Use Your Lolly – Lick the Economy into Shape

Over recent years, we’ve all noticed the closure of local shops as the chains and supermarkets force small businesses out of the market.  Whereas before you had a choice of greengrocers on the high street, now you’re lucky to have one.  The same applies to other shops as well, such as butchers and fishmongers, as big businesses continue their creep and stranglehold on what we can buy and where.  Our communities are starting to become Clone towns, where the shopping areas are dominated by chain stores and look alarmingly like each other.  The spark of individuality and uniqueness is getting stamped on and driven off our high streets.

There are ways we can stop this.  Other parts of the world have introduced local currency systems that give areas the opportunity to strengthen the local economy while preventing money from leaking out.  These local currencies also build resilience into the local economy by keeping money circulating in the community.  They also build new relationships, between services and suppliers, shops and customers.  Local, independent shops are a huge community resource – the people who work in them know their customers and their needs, but also notice if somebody hasn’t been in for a while, which could be a cause for concern.  They also get people thinking and talking about how they spend their money, encourage more local trade, which reduces food and trade miles in the process.  Local currencies help to achieve a sustainable future for the area, benefiting the community and small local businesses.

I believe we should introduce a local currency covering all the Lothians.  Not just the parliamentary region, but the area covered by the four local authorities.  This is an ambitious scheme and, as far as I know, nobody has tried to introduce a local currency to an area this size.  However, sometimes we do things not because they are easy but because they are right. As I’ve said before, we need to challenge ourselves to ensure we deliver our best.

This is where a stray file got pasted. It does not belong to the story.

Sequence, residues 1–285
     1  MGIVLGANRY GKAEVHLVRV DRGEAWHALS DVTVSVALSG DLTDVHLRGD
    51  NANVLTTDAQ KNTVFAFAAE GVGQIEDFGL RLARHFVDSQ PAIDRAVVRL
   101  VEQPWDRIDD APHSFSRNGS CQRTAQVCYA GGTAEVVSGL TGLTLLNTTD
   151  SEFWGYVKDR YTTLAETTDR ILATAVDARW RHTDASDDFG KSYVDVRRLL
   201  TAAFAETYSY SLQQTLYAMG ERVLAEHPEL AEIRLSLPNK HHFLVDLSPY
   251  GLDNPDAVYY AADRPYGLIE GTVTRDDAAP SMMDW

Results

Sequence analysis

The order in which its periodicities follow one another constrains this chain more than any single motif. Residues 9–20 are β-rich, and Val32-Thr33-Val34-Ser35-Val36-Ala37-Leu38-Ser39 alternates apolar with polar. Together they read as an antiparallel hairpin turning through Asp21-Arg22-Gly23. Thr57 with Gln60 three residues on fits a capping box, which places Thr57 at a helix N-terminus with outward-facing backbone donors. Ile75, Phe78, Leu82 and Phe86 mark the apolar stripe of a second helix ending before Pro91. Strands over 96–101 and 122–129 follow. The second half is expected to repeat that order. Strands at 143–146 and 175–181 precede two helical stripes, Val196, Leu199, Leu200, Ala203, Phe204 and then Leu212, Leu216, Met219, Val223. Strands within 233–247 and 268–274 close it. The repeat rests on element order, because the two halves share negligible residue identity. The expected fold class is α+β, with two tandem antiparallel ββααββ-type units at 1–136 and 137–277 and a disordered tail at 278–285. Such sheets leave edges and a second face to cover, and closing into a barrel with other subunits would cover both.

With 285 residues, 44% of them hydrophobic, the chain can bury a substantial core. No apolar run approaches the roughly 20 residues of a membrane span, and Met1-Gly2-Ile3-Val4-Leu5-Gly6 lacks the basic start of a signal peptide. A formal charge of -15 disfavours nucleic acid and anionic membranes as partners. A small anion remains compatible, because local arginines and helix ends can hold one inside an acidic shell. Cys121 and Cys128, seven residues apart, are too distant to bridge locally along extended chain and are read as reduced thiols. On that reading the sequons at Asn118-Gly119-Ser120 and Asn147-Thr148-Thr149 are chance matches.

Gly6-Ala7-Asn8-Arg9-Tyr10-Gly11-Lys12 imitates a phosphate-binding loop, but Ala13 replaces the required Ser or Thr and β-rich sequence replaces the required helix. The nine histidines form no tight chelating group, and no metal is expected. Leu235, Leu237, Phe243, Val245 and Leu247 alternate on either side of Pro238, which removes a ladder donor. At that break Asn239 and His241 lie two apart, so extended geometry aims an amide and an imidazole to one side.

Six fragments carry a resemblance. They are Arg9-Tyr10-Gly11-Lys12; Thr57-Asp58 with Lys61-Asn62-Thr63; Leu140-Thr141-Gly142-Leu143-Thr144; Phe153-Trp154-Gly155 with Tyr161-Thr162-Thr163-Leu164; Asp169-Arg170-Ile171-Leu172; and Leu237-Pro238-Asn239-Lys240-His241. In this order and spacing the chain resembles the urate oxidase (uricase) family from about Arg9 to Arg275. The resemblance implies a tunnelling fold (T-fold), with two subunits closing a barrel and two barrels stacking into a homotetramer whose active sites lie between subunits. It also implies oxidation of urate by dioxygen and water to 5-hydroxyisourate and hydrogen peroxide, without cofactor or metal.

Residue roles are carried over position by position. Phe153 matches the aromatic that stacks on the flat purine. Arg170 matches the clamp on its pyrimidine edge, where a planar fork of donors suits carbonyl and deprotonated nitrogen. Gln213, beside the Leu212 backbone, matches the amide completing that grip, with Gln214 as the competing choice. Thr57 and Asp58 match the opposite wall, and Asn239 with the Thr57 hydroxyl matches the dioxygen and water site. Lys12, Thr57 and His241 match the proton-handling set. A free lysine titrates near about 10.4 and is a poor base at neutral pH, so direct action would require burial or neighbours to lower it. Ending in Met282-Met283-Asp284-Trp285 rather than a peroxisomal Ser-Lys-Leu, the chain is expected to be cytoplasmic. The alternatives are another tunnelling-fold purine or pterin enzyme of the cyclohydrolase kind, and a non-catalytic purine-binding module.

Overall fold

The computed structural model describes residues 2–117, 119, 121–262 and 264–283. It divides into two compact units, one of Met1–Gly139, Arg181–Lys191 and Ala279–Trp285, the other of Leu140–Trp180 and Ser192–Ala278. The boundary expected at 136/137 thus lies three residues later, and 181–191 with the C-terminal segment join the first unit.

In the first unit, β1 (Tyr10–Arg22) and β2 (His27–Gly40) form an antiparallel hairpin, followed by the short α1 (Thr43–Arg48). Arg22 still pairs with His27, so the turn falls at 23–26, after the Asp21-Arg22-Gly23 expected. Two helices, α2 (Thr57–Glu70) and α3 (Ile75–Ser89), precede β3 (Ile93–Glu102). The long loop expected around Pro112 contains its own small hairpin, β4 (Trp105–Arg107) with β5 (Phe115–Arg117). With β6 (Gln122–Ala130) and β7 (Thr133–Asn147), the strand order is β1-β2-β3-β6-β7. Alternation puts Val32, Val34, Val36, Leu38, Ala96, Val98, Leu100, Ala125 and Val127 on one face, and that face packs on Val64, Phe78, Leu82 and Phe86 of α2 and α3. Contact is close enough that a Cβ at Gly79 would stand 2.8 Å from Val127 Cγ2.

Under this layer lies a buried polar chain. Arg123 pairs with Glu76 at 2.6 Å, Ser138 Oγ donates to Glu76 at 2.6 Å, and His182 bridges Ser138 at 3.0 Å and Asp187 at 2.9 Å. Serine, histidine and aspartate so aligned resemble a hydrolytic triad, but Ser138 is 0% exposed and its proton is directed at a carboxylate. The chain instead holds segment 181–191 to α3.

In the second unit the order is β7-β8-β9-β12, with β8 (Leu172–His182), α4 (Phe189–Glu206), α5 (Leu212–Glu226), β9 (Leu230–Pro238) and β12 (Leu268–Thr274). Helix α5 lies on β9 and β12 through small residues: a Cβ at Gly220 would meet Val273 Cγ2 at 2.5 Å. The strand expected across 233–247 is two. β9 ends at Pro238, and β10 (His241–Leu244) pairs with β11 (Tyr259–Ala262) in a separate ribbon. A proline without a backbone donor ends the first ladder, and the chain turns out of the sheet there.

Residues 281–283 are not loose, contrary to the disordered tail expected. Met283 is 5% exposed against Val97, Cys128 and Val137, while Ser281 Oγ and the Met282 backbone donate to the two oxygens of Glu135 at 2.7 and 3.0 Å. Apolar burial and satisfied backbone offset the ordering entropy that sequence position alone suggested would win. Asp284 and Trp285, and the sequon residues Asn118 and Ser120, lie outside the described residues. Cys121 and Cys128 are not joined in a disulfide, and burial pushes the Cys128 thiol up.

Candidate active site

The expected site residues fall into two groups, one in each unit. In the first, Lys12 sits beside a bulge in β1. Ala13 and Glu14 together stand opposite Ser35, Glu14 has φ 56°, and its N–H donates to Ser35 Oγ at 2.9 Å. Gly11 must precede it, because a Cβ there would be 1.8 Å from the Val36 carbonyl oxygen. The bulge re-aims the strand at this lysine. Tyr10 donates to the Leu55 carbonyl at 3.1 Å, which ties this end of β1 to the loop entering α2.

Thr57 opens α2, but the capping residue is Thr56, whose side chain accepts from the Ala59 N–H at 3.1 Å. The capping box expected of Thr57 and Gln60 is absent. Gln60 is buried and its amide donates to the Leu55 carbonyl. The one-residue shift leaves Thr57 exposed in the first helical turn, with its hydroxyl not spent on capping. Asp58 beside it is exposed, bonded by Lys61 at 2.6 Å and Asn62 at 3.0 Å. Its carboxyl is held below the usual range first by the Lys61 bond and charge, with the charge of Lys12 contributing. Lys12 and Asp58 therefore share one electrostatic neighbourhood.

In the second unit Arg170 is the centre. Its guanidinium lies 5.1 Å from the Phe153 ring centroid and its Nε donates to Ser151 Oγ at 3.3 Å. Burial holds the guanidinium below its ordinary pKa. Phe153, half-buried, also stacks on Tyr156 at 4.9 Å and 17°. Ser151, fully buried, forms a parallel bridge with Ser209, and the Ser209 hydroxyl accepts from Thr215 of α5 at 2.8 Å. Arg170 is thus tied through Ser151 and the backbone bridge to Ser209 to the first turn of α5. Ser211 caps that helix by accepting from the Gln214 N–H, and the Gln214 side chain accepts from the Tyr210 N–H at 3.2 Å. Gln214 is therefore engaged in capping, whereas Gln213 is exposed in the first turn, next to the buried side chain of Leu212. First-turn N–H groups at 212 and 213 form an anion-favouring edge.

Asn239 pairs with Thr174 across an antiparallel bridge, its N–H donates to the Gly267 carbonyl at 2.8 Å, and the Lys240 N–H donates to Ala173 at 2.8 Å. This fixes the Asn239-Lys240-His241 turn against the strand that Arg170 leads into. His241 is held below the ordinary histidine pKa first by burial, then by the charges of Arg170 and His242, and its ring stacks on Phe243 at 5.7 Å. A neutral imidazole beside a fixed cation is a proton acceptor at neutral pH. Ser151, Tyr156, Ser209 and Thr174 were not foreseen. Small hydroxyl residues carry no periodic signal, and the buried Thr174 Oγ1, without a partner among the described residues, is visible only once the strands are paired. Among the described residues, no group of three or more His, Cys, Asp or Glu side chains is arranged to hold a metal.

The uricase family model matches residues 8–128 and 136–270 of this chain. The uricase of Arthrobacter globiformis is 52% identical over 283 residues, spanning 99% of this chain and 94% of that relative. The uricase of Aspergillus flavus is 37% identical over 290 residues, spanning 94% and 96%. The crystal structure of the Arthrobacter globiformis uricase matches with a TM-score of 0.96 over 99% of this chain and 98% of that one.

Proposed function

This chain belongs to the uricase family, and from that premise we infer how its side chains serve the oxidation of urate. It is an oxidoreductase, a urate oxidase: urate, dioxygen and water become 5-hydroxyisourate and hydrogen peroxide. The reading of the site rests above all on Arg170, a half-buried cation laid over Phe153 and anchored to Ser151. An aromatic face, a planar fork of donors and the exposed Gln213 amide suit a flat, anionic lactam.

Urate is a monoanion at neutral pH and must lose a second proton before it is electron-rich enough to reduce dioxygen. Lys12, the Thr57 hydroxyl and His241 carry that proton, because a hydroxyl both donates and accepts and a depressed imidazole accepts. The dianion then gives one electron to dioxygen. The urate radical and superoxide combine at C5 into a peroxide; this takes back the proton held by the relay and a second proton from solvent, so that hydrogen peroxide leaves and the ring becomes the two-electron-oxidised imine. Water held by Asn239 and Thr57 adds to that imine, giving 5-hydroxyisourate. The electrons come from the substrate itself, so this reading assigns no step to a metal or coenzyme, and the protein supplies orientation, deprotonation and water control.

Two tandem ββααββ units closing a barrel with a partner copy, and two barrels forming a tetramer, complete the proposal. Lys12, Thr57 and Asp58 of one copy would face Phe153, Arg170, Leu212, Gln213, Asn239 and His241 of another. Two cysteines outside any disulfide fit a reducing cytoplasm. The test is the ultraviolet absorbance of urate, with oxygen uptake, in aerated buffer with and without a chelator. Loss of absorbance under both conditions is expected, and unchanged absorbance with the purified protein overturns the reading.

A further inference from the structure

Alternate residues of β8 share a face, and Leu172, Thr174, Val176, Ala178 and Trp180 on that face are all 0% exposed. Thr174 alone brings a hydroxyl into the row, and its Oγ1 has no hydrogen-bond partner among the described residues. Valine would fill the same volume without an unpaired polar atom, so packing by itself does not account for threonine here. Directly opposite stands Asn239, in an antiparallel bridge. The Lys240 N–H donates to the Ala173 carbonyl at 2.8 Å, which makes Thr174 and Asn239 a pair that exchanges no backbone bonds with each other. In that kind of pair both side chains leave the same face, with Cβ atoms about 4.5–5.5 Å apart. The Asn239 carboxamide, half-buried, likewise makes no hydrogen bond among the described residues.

That’s why my manifesto includes the creation of the Lothian Lolly, as I call it, to help revitalise areas again, reinvigorating a sense of togetherness and feeling of pride in our community.  At the same time we will help local business grow and compete in at times a cut-throat market.  As they grow, so will the local economy.  The more traders that join, the more effective the scheme will be.  At the same time, we will reduce our carbon footprint by shopping locally and using local produce, with local shops sourcing goods and services locally.

In South London the Brixton Pound has boosted the local economy and built a mutual support system amongst independent businesses.  They’ve achieved this in under two years, with the local council endorsing it and the New Economics Foundation helping its development.  Only recently the London Mutual Credit Union has become a Brixton Pound bank.  The Brixton Pound currently has over 1000 users and includes 190 businesses within a very small area.  There are also other local currencies throughout the country and the world.